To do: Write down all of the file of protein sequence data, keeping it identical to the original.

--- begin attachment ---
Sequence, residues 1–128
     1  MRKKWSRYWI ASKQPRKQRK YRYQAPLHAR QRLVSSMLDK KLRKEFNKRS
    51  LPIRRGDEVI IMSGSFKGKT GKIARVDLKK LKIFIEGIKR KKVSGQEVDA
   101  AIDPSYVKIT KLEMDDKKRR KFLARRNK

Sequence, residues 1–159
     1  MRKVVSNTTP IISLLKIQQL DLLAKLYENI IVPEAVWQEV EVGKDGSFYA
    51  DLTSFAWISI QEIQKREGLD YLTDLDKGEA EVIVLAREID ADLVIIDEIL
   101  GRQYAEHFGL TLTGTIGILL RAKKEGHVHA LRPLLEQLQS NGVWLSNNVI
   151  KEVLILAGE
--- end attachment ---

Sequence, residues 1–128
     1  MRKKWSRYWI ASKQPRKQRK YRYQAPLHAR QRLVSSMLDK KLRKEFNKRS
    51  LPIRRGDEVI IMSGSFKGKT GKIARVDLKK LKIFIEGIKR KKVSGQEVDA
   101  AIDPSYVKIT KLEMDDKKRR KFLARRNK

Sequence, residues 1–159
     1  MRKVVSNTTP IISLLKIQQL DLLAKLYENI IVPEAVWQEV EVGKDGSFYA
    51  DLTSFAWISI QEIQKREGLD YLTDLDKGEA EVIVLAREID ADLVIIDEIL
   101  GRQYAEHFGL TLTGTIGILL RAKKEGHVHA LRPLLEQLQS NGVWLSNNVI
   151  KEVLILAGE